My day started with preparing breakfast for some of our church members. Ginger put out the word last week and invited anyone in the congregation born in or before 1932 to come over to our house. Five folks came and we had a great time. (I also tried a new dish that turned out to be quite good.) We ate and talked for over two hours, and most of it wasn’t about church. Between the seven of us, we can account for almost five hundred years of living – an awesome thought. As many times as we have all seen each other at church and around town, this was the first time I remember that this particular combination of people has been together.
My day ended with packaging fair trade coffee from Kiskadee Coffee Company, a local roaster, to sell to raise money at the North River Art Society Festival of the Arts this weekend as a fundraiser for our two mission trips this summer. We put a hundred pounds of coffee into twelve ounce packages – one hundred and forty of them. I think I got a caffeine rush just smelling the stuff. Derek, our coffee roaster, created a blend of Rwandan and Guatemalan coffees just for the fair so that once we’ve sold the batch that’s all there is. We’ll order more for other purposes, but this will be the one weekend and the one place where anyone can ever buy our Artist’s Blend.
In between the bookends of my day, I sat down to begin Barbara Kingsolver’s new book Animal, Vegetable, Miracle, which chronicles her family’s choice to eat locally for a year. What they couldn’t grow or find in their area, they did without for the most part. In one of her early chapters (I’m not that far along yet), she describes “waiting for asparagus.” What we see everyday in the supermarket actually has a very short two or three week growing season in April and May (where she lives). It shows up early and disappears fast. You have to be there.
The wonder of a passing moment is one of the reasons I love hearing live music: either you were there or you weren’t. A couple of summers ago, Emmylou Harris, Buddy Miller, Patty Griffin, Gillian Welch, and David Rawlings toured as The Sweet Harmony Revue. Each artist took his or her turn singing their songs and the others joined in and, as the evening drew to a close, they joined together to sing “The Weight” and “Turn, Turn, Turn.” No one recorded it. There is no live album. I heard it; I was there.
Which means, of course, I was not somewhere else.
Food & Wine last month had an interesting article on “The Insidious Rise of Cosmo-Cuisine” lamenting that “the cuisines of the world are merging into one giant, amorphous mass . . . [T]oo many chefs worldwide are creating menus that flit across so many borders and reference so many traditions that they – and we – lose any sense of place” (58). We can’t be everywhere at once, nor can we experience everything at once.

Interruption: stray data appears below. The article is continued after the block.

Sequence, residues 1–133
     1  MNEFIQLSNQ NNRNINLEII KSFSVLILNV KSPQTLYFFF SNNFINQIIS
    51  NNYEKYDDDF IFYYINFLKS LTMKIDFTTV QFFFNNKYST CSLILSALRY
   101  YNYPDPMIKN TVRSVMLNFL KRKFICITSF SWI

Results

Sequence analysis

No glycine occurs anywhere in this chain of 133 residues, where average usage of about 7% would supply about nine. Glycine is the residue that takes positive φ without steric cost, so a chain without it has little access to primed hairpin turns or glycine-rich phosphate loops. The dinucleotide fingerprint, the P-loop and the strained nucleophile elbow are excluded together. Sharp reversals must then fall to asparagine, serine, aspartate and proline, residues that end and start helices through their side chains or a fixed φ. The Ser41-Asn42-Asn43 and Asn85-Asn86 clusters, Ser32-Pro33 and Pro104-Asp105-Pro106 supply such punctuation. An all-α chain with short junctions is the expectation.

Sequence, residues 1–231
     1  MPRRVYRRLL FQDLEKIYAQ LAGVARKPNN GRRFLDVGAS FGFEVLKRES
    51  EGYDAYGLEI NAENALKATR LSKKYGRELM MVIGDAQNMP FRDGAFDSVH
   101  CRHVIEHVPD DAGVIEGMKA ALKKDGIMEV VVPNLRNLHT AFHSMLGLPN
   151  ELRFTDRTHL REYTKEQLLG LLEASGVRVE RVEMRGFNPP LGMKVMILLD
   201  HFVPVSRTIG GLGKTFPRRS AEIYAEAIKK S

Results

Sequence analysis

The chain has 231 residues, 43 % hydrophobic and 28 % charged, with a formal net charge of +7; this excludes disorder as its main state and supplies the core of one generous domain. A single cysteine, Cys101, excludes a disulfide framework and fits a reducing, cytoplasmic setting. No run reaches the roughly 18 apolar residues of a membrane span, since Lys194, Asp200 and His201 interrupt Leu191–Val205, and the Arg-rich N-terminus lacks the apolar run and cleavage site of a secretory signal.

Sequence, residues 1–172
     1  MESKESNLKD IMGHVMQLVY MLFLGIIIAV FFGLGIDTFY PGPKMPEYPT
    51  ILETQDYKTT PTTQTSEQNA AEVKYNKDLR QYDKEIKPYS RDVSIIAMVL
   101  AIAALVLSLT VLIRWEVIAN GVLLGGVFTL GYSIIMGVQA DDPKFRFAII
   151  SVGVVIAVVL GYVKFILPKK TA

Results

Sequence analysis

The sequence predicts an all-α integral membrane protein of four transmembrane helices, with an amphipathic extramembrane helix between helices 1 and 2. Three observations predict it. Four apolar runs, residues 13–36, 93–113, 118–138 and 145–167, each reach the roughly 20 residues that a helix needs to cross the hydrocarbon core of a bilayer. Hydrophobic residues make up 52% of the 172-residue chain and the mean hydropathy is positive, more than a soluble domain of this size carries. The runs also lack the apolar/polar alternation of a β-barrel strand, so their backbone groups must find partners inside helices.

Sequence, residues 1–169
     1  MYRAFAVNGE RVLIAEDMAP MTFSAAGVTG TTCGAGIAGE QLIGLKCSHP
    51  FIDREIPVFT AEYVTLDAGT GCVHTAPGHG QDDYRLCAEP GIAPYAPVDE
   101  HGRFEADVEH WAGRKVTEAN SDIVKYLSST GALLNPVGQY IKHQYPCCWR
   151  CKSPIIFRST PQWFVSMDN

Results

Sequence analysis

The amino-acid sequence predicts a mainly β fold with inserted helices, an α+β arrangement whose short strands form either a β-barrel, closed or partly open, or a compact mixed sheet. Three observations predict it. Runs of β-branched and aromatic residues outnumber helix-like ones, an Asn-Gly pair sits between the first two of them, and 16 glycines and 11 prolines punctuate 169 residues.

When we were in Turkey, one of the dishes I loved was called Imam Bayildi, which means “the Imam cried” (because the food was so good). The dish was made up of eggplant, tomatoes, onions, flat-leafed parsley, and olive oil. At the restaurant in our hotel, they used organic produce from their own garden and our server owned the olive trees and pressed them to make our olive oil. The simplicity and the sense of place gave the dish its flavor. They didn’t need Thai chilies or truffle oil.
I also read today about a Fair Harvest Exchange Program in Nicaragua, thanks to the folks at Global Exchange. Rather than a tourist trip, the eight-day excursion is to go and work along side of a family at a coffee coop during harvest season. You stay with them, eat with them, and work with them. They want you to be there.
Sometimes I go walking down the beach near our house looking for sea glass. At low tide, the beach is fairly wide: there’s no way to walk it all. I have to pick a line to follow and let the rest go unsearched if I’m going to be able to pay attention to the stretch of sand and stones in front of me. On the way back, I can pick another line, but I never get to see it all. For every piece of glass I find, I suppose, there’s at least one that I never see. If I’m at breakfast in Green Harbor, I’m not in Green Bay. If I’m listening to Emmylou, I’m missing a lot of other songs. If I’m eating from my garden, I’m not tasting other very good things. If I go to Nicaragua, I won’t be in Nepal or Nebraska.
The choice is not between having a little or having it all; the choice is between living in the savoring the sacredness of the particular or stressing over all that I’m missing. I was at breakfast with friends this morning. Whatever else I happened, I’m thankful I didn’t miss it.